Capital

Bull, Bear, Or Indifferent, It's Time To Game Out Housing Scenarios

Bullish signals flash green, while bearish noise ups the volume to an unholy din. Who's the contrarian? More importantly, who's early, late, and right?

Capital

Bull, Bear, Or Indifferent, It's Time To Game Out Housing Scenarios

Bullish signals flash green, while bearish noise ups the volume to an unholy din. Who's the contrarian? More importantly, who's early, late, and right?

March 30th, 2022
Bull, Bear, Or Indifferent, It's Time To Game Out Housing Scenarios
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Five years ago this month, Michael Batnick director of Research at Ritholtz Wealth Management LLC. and host of the Irrelevant Investor site, wrote about contrarians. He led off by laying out three buckets of contrarians, and his commentary strikes a chord now as housing bull and bear, signal and noise speculation surges on where housing's economic cycle is heading, and what that means for market-rate single-family and multifamily businesses.

  • Early
  • Late
  • Right

For good measure, he added a fourth type, the knee-jerk contrarian. People who self-anoint as such, as Batnick notes, find a way to "always take the other side."

A friend in the business shared a link to Collaborative Fund partner and author Morgan Housel's "How people think."

If you read 240 words per minute, Housel's 17-item manifesto – which you'll find compelling – will take upwards of a half-hour. These days, that's a commitment, which Housel – who wrote the best-selling The Psychology of Money – acknowledges straight off.

It’s a long post, but each point can be read individually. Skip the ones you don’t agree with and reread the ones you do – that itself is a common way people think.

You may be able to get through almost 6,800 words in less than a half hour. Odds are, however, that you'll spend more time with Housel's masterpiece than that, re-reading.

Gem Number 4, for instance, has the heading: "We are extrapolating machines in a world where nothing too good or too bad lasts indefinitely."

Housel's expansion on this heading hits home, literally, at a moment of crazy volatility and uncertainty. He writes:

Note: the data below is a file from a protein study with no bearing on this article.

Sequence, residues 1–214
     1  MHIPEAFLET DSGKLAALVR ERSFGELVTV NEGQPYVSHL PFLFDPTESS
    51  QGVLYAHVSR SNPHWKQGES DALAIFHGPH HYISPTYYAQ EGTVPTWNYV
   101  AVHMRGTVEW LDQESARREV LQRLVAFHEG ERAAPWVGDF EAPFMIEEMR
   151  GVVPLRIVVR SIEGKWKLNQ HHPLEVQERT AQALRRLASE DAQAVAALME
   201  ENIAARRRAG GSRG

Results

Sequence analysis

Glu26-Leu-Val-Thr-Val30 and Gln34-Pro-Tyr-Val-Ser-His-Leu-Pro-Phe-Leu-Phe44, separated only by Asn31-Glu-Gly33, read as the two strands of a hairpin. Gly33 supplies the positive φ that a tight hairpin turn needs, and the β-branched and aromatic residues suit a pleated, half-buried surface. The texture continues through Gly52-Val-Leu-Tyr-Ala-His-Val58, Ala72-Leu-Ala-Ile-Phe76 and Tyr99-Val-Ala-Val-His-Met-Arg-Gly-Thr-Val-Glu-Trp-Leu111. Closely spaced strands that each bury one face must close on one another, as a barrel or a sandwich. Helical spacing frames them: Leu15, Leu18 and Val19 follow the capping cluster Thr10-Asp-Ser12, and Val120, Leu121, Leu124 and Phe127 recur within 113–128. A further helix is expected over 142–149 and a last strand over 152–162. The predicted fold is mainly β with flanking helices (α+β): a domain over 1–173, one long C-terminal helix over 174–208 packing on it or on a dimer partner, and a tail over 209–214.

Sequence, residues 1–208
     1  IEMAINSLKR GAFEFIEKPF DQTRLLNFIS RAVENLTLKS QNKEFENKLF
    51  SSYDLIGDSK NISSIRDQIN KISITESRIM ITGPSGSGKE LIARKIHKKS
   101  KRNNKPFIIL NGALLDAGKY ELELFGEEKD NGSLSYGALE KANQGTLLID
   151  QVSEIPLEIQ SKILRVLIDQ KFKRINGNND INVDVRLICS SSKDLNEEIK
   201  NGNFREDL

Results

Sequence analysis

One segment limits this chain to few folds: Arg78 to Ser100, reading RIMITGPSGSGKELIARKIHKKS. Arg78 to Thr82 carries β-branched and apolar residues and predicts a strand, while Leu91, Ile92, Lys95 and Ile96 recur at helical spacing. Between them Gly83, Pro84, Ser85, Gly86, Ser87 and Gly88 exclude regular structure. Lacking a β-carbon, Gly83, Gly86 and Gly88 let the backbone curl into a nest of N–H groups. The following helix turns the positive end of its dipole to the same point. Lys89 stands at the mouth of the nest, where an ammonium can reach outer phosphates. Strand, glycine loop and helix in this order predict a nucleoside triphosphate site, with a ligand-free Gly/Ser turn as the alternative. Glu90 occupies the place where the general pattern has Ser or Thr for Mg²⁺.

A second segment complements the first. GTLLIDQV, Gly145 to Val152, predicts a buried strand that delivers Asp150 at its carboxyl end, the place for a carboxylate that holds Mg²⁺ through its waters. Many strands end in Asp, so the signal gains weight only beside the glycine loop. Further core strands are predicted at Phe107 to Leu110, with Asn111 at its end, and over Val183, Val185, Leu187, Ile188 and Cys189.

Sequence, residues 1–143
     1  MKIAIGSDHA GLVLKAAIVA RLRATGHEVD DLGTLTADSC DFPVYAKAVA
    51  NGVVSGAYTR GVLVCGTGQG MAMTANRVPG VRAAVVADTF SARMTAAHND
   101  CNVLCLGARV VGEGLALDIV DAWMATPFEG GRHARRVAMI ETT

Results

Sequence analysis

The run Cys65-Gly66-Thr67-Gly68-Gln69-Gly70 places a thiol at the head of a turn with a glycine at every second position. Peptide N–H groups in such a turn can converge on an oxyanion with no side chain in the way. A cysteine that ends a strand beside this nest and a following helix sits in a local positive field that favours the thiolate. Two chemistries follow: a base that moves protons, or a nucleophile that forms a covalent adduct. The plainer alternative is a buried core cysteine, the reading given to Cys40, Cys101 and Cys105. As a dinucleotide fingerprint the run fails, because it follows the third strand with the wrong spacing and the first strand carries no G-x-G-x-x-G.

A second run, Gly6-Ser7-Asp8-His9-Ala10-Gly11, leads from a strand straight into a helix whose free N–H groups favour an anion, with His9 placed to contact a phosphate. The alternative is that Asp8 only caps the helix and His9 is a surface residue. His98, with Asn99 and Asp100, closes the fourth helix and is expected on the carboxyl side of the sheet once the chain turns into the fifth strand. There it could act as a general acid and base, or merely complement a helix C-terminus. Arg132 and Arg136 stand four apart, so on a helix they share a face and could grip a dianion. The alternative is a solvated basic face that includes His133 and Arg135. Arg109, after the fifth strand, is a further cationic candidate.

When you’re in the middle of a powerful trend it’s difficult to imagine a force strong enough to turn things the other way.
What we tend to miss is that what turns trends around usually isn’t an outside force. It’s when a subtle side effect of that trend erodes what made it powerful to begin with.
When there are no recessions, people get confident. When they get confident they take risks. When they take risks, you get recessions.
When markets never crash, valuations go up. When valuations go up, markets are prone to crash.
When there’s a crisis, people get motivated. When they get motivated they frantically solve problems. When they solve problems crises tend to end.
Good times plant the seeds of their destruction through complacency and leverage, and bad times plant the seeds of their turnaround through opportunity and panic-driven problem-solving.
We know that in hindsight. It’s almost always true, almost everywhere.
But we tend to only know it in hindsight because we are extrapolating machines, and drawing straight lines when forecasting is easier than imagining how people might adapt and change their behavior.
When alcohol from fermentation reaches a certain point it kills the yeast that made it in the first place. Most powerful trends end the same way. And that kind of force isn’t intuitive, requiring you to consider not just how a trend impacts people, but how that impact will change people’s behavior in a way that could end the trend.

Pair that insight Michael Batnick's take on contrarians.

It’s easy to be a contrarian, to think that you see something that the rest of the world is blind to. But it’s hard to be right.

Us mere mortals – ones who don't self-identify as contrarian for the sake of argument or a "scoop" – dwell now in a limbo of staying tuned, listening. And preparing, to the degree we can, for more to be revealed, to ensure business fitness, come what may.

The context here is of a prevailing bullish outlook among market-rate homebuilding and development companies based on crystal clear fundamental current conditions of demand and supply. One of the most compelling data points illustrating the imbalance comes from National Association of Home Builders chief economist Robert Dietz, who notes, that per 10 million US population, builders and developers produced just 21,288 starts on average during the decade from 2010 to 2019, roughly half or less than any prior decade on record.